, Oct. 22 (UPI) -- Jazz was an integral part of the Las Vegas music scene three, four and five decades ago, before the city created -- and has tried to fill -- the public's thirst for glitz and showgirls, with a slot machine handle always within easy reach.
In those halcyon days and nights, jazz big bands brought their tours through town regularly and often played at casino grand openings. In the 1960s and '70s, organist Monk Montgomery and vibes player Red Norvo had consistently fine small groups working there.
In a time when DJ meant broadcaster, not someone spinning discs at a wedding or dance party, disc jockey Alan Grant broadcast live jazz on Monday nights from the Four Queens hotel and casino featuring top visiting talent.
"Today, it's all about magicians and impersonators and magnificent production shows. The technology is incredible," said pianist and arranger-conductor Vincent Falcone. "Cabaret, which made this town what it is, hardly exists anymore. That is discouraging for many of us who have lived here for so many years. It's not the sleepy little town it once was."
The Las Vegas edition of the Blue Note jazz club, tucked away in a far corner of the Aladdin Hotel's Desert Passage shopping complex, stands today as a musical oasis in the midst of the desert resort city's glitzy entertainment mix.
The New York-based club ownership owns the Blue Notes in Greenwich Village and Las Vegas as well as the B.B. King blues club in midtown Manhattan. It franchises its three locations in Japan and the B.B. King blues bar and dance club locations. This includes ones at Foxwoods Casino in southeastern Connecticut.
The theory, still unproven, is that if you build it, they will come. It is a slow process with a lot of patience and a few bumps along the way as the club passes its second Las Vegas anniversary.
It opened its doors on Harmon Avenue, a block off Las Vegas Boulevard, with a Vegas-like showroom holding up to 500. After year one, the club shifted to a more intimate setting half that size next door and turned the main room over to a sexy dance show and after-hours dance club that helps pay the bills.
"Vegas is a very, very hard city to bring in something other than girls and slot machines. We're trying," said club manager Ronny Adler. "We tried it in the big room with large numbers and very big acts. Now we're trying the New York concept at the other clubs we have. They have small crowds and a very intimate setting. There's a nice ambience where you can really feel the vibe and even smell the sweat of the artists."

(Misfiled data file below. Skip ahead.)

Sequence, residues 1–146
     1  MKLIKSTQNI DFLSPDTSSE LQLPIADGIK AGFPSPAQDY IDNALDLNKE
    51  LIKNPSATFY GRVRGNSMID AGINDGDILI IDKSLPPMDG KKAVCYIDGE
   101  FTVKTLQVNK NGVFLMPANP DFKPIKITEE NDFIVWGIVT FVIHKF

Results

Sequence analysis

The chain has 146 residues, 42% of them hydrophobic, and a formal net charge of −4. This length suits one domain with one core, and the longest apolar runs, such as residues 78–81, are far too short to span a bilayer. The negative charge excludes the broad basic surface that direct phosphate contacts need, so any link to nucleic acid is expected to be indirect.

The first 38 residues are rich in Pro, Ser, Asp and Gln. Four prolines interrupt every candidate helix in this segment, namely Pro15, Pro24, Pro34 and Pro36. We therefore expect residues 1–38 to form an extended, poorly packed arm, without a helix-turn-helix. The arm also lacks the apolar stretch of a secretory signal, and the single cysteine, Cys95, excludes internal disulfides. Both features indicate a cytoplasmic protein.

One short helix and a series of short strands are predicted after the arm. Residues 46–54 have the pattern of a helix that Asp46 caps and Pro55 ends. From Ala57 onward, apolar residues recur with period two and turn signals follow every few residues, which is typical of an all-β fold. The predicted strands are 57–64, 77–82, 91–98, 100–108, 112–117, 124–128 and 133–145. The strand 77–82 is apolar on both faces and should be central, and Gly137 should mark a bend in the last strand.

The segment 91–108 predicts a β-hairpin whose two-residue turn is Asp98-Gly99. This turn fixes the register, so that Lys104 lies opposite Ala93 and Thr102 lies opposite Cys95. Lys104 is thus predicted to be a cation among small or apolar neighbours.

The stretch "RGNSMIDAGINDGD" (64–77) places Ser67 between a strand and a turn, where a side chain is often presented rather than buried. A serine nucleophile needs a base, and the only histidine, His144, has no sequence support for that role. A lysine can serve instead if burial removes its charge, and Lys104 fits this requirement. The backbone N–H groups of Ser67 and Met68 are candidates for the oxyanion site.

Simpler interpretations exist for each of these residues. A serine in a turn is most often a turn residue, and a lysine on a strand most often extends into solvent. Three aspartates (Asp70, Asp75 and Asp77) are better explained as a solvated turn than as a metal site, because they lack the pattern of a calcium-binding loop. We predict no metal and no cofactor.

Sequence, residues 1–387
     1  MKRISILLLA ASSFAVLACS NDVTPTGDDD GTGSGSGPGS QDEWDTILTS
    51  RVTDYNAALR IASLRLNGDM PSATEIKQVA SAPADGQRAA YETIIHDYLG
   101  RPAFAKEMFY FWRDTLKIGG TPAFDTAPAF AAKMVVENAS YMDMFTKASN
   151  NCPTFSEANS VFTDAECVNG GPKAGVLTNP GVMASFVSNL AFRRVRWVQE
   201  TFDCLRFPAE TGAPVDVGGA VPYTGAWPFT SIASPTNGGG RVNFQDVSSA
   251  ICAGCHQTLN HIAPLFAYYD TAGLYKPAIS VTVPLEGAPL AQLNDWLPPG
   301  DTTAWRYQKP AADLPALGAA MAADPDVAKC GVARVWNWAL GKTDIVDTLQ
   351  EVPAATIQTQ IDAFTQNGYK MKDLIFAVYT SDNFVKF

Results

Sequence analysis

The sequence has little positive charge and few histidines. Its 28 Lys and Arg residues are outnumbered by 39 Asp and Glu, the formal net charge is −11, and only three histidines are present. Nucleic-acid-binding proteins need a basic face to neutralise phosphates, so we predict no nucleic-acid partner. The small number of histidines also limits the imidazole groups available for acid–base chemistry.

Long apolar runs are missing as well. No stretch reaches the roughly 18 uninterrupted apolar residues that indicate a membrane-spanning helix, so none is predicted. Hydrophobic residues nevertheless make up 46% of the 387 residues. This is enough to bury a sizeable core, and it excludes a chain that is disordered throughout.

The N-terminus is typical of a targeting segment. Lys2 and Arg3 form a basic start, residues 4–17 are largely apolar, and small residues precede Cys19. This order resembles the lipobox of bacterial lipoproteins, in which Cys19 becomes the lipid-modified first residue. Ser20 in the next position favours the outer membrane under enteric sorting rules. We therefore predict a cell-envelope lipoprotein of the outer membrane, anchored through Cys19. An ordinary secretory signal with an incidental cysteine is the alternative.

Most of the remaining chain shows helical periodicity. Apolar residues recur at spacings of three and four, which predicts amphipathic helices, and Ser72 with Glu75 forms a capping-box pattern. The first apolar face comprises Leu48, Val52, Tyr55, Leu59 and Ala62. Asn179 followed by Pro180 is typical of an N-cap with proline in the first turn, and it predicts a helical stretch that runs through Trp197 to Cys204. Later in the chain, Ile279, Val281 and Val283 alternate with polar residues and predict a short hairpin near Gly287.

The club generally books its headliners for weeklong runs, beginning on a Monday and running through the following Saturday. Sunday nights frequently are set aside for freewheeling jam sessions featuring local artists.
One recent visit enabled me to catch saxophonist Chico Freeman's final Saturday performance, the Sunday night jam session, and the Monday night start of alto saxophonist Charles McPherson's run. Attendance varied, depending on the night of the week, though the Sunday jam had a larger turnout than McPherson's opener.
"There's a lot of support from the local community, including the Los Vegas Jam Band Society." Adler said. "We offer two-for-ones or comps on music charges midweek. Usually our Sundays are sold out and they are very good. Everybody knows the artists or wants to try themselves. I think it is something unique here.
"It took us two years in New York to make money and five years in Japan. So we've got time. We're going to find the right thing, the right conditions. We're going to give it another year or two. We're going to make it," he said.
The club's attractions have included Chick Corea, Avishai Cohen, Grant Green Jr., Mike Stern, and drummer Steve Smith's band Vital Information in bookings primarily arranged by the club's New York headquarters.
Freeman's engagement drew a full house to his first show on Friday but less than half a house the next night. "I think the Blue Note has to stick it out and keep bringing in high quality music so people know they can find great music here," Freeman said, appreciative of the room's sight lines and top notch acoustics, and sound engineering by production manager Bob Collins.
"I'll take a few attentive people any time over a bunch of people who are talking," Freeman said.
The Sunday jam session included Doug Zagoski and Bugzy Garza on drums, singers Ethel Jones and Vivian Rose, Ed Sherry on trumpet, Dave Hart on guitar and harmonica, Duston Johnson, and singer-pianist Dee Daniels.
Pianist Falcone, a resident of suburban Henderson, is a longtime conductor and musical director whose employers include Steve Lawrence and Eydie Gorme, Jerry Lewis, Robert Goulet and Diahann Carroll. He was singer Frank Sinatra's musical director for many years.
With an unusual lull in his schedule, he was able to spend a week in McPherson's quartet. It was his first time working at the club, though he had been there previously as a listener.
"We used to have a great thing here (in Las Vegas) years ago on Monday nights. Alan Grant hosted jazz at the Four Queens," Falcone said. "I used to do that all the time, but times change."
Charlie Parker disciple McPherson and his fine band with pianist Falcone, bassist Chris Gordon and drummer Tony Check performed a scorching yet exquisite set that included "Like Someone in Love," "Billie's Bounce," Perdido" and "Keys and Insomnia."
If you build it, the true jazz fans may find it. Just turn left -- or right -- on Harmon, in the midst of The Strip's slot machine palaces and other temples to glitzy excess.